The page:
Speaker: Patrizia Sulis (The Bartlett, UCL)

Time and place: 20 September, 13:30, 01.West.060, BK, TU Delft

Topic: Applying a computational method to explore the diversity of urban dynamics and spatial behaviour in London

Abstract: The availability of large amounts of new data containing human mobility information at a higher spatiotemporal resolution represents an unprecedented opportunity to enhance urbanism research and provide supplementary information about cities to be used in spatial planning. Some promising results in current work from other disciplines show how spatial analysis integrating these data can be used to validate existing theories, unveil new characteristics of space, and strengthen the overall understanding of spatial dynamics. 
In this seminar, I present how I have explored this opportunity during my doctoral research at UCL. The presentation starts from a short introduction about the current research focusing on urban analytics and urban computing applied to cities, and then introduces two of the cases I developed in my study, using data science and quantitative methods techniques to explore how the patterns of human mobility and the presence of people varies across a number of places in the city of London. The first case borrows the concepts of urban diversity and vitality from Jane Jacobs, using a computational approach to quantitatively evaluate them according to the variation of human mobility in a place. The second case builds on that, using the values of vitality previously calculated and a machine learning technique to investigate the similarity of the areas included in the study according to the variation of vitality of each place across time (daily and weekly values). 
Results of the research show the potentiality of integrating new data sets and analysis techniques into the standard procedures of urban analysis, and the contribution of these new pieces of information to enhance the understanding of cities. The final part of the presentation focuses on the discussion of the limitations of this approach and the possible future work.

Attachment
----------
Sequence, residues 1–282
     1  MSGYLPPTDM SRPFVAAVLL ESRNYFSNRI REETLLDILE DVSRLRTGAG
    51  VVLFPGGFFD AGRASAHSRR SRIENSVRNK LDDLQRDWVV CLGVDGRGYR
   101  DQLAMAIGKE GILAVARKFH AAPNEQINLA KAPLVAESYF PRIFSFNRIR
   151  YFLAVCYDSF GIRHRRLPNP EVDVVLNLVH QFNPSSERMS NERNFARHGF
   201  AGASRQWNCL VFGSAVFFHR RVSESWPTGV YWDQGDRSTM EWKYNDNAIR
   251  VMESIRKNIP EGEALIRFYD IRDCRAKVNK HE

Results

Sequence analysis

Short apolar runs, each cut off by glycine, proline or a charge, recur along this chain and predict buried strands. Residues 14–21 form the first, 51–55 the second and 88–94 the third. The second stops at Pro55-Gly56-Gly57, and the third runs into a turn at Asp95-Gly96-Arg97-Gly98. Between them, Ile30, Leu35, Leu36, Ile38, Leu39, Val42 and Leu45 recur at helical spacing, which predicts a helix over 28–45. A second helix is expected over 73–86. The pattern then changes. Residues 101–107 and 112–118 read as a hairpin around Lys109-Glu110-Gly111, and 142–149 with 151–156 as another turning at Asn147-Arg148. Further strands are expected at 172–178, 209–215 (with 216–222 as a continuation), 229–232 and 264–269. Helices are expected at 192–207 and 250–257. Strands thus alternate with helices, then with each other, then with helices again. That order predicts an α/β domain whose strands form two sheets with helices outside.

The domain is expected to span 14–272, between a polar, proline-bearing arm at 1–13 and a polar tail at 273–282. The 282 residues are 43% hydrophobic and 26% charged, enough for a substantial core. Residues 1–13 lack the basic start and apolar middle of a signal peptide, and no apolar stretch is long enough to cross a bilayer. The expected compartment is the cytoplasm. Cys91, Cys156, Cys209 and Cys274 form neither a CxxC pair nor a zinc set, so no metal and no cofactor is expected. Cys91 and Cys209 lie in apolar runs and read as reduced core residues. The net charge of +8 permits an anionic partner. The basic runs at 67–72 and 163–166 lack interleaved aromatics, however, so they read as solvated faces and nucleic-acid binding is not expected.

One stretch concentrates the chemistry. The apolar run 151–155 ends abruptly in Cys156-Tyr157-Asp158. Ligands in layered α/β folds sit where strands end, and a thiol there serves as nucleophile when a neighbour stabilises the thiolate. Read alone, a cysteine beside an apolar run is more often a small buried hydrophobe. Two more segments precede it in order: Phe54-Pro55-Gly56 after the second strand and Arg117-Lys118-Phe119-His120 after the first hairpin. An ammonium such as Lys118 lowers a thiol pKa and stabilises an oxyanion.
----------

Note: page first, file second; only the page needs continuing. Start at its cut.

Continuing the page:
Bio: Patrizia Sulis is an urbanist and urban analyst. She is an EMU Alumna and holds an MSc in Urbanism from the Delft University of Technology. She worked as Teaching Assistant at the University College London, and as GIS Specialist and Research Assistant for the Delft University of Technology, the Bartlett School of Planning and the Centre for Advanced Spatial Analysis. Currently, she is a PhD Candidate at the Bartlett Centre for Advanced Spatial Analysis, University College London, supervised by Dr Ed Manley and Prof. Mike Batty. Her research focuses on the application of data science and quantitative methods to urbanism and urban analysis, investigating human mobility patterns and the variation of the presence of people in urban space, using a variety of extensive urban data sets sourced from public transport, social media and open sources.

 

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